BY: Victoria Heath
In 1977, a mysterious plane crash in California’s Yosemite Valley became an infamous climber’s tale; one that fits so perfectly with 1970s’ America that it almost seems fictitious.
1970s’ America, and its ‘Dirtbags.’
The 1970s was an interesting time in American cultural history. Many Americans found themselves adapting to the immense social changes of the 1960s by marching in the streets to the tune of “Machine Gun” by Jimi Hendrix, protesting for an end to the Vietnam War, and fighting for social equality. They clashed with a revitalized (conservative) “New Right,” also known as the ‘silent majority.’ This group embraced conservative populism and revolted against “spoiled hippies and whining protestors.” The group was responsible for Nixon’s election in 1968. Sound familiar?
Although Nixon’s government would collapse in spectacular fashion in 1972, thanks to Watergate, many young Americans were already disillusioned with the system and searched for alternative ways of life.
Some found it in the ancient rock-walls of Yosemite Valley, scaling high in central California for peace. These weren’t your stereotypical 1970s Americans, however, wearing bell-bottoms and listening to disco, these youngsters were obsessive climbers, sleeping illegally in the Valley’s caves, and foraging for food from the leftovers of tourists. Most, though, were high school dropouts who had no desire to do anything “normal.” They conquered the steep faces of the Valley—and smoked a little weed.
These young climbers joined the group known collectively as the ‘Dirtbags’ (also referred to as ‘Valley Rats’ by locals), which occupied Yosemite Valley ever since the end of World War II. Petter Hoffmeister, the author of the novel Graphic the Valley and a 1990’s era Dirtbag, said these individuals lived illegally in the Valley in ‘Camp 4’ for years, realizing “they could hike in the mountains, swim in the rivers, and rock climb, without worrying about money.”
However by the 1970s, the park’s rangers were wising up to the Dirtbags’ ways and began pushing them out of Camp 4. So, like the ingenious beings they were, they retreated into the bear caves behind the park’s hotels and continued inhabiting the park, climbing the walls and hiking all season long.
The day marijuana fell from the sky.
The plane, believed to be on a drug run from Colombia to the American North-West, crashed into a frozen, Lower Merced Pass Lake, located just outside of Yosemite Valley, in the dead of winter. There are a few different stories explaining how the climbers found out about the crash, but one of the most cited is that a climber’s girlfriend overhead the news on the Park Service Radio and informed the Dirtbags. Within hours, several of the climbers had made it up the snowy cliffs to the crash site; only days after Federal Customs had halted their mission to recover the plane’s cargo due to bad weather. Fortunately for the Dirtbags, The Yosemite Park Service still didn’t know about the “lakeful of marijuana,” and the Feds didn’t recover it all.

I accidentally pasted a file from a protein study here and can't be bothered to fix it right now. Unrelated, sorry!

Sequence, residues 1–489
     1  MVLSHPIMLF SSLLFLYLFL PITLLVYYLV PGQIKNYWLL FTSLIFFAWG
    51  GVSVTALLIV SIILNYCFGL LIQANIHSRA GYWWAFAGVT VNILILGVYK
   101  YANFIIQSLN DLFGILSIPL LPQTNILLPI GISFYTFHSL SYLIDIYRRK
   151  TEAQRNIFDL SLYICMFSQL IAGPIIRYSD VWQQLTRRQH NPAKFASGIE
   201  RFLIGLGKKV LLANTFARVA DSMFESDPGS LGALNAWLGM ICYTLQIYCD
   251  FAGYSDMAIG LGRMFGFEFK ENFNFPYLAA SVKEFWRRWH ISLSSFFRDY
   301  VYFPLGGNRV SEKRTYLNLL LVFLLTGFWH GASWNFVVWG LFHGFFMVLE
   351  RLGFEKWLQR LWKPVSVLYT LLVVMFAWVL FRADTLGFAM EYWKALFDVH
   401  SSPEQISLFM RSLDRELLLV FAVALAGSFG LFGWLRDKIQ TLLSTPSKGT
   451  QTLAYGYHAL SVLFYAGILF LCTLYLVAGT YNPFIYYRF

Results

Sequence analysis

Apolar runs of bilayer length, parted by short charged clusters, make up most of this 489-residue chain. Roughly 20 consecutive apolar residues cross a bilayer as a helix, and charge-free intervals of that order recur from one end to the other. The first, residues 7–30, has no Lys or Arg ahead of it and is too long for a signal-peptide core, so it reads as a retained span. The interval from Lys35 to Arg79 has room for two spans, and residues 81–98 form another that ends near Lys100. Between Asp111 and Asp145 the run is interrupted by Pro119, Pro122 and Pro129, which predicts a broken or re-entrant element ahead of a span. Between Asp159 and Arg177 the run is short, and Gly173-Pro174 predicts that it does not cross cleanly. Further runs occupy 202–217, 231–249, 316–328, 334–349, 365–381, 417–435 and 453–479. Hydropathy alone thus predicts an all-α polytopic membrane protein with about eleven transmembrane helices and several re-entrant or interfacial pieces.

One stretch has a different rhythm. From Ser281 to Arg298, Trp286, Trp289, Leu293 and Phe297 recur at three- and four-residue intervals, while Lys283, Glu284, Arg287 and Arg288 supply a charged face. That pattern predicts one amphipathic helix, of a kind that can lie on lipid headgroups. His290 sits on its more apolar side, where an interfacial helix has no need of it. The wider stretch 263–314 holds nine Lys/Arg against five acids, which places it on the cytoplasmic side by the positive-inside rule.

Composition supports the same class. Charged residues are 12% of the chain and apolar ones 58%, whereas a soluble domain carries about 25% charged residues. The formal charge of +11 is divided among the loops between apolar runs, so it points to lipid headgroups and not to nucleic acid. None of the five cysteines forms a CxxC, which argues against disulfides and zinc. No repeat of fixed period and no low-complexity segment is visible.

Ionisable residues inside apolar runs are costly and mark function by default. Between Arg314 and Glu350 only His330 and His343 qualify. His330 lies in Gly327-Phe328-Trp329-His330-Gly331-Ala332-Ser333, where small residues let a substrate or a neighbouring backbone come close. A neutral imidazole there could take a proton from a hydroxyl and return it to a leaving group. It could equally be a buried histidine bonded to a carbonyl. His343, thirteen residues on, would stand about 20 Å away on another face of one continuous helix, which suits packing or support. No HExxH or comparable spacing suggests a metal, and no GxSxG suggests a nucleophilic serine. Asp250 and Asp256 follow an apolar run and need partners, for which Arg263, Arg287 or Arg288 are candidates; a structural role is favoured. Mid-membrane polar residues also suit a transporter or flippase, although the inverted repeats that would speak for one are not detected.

Noticing dark objects beneath the ice close to the nose of the plane, the climbers broke through and discovered every weed connoisseur’s dream—high-grade, red-haired Colombian weed, hundreds of bails of it marked with the word, Qualidad.
The Yosemite Gold Rush was born.
Eventually, hundreds of climbers rented scuba equipment and chainsaws from the local town in order to excavate the site. They pulled out the bales of weed and reveled in the fruits of their labor by doing what’s expected—smoking it. They soon found out, however, that it was drenched in airplane fuel, which, for some unlucky Dirtbags, led to scorched eyebrows and 1st degree burns. Apparently, the extra ‘kick’ was worth it though.
There was so much weed—an estimated 10,000 lbs of it—that many of the Dirtbags also sold it across California in order to fund their Yosemite lifestyle. A few made so much money they even bought cars and houses. “Nobody knew how much money anyone made on the Lodestar crash,” Hoffmeister recalled, “But I know a few world-famous climbers who supposedly lived for more than a decade off that money. Duffle bags full of good weed are worth big, big money.”
The exact circumstances around the crash still remain a mystery, but the legend lives on. The 2014 documentary “Valley Uprising,” recently made available on Netflix, chronicles the story alongside other tales of the climber subculture in the Yosemite Valley.
Since that winter’s day in 1977, no other such incidents have occurred there, but who knows, some of this era’s Yosemite Dirtbags may still be watching the sky.